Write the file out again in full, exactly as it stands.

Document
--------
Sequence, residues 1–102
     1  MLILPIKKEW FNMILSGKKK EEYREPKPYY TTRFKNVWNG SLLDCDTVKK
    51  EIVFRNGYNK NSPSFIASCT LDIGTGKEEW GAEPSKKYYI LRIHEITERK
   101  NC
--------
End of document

Sequence, residues 1–102
     1  MLILPIKKEW FNMILSGKKK EEYREPKPYY TTRFKNVWNG SLLDCDTVKK
    51  EIVFRNGYNK NSPSFIASCT LDIGTGKEEW GAEPSKKYYI LRIHEITERK
   101  NC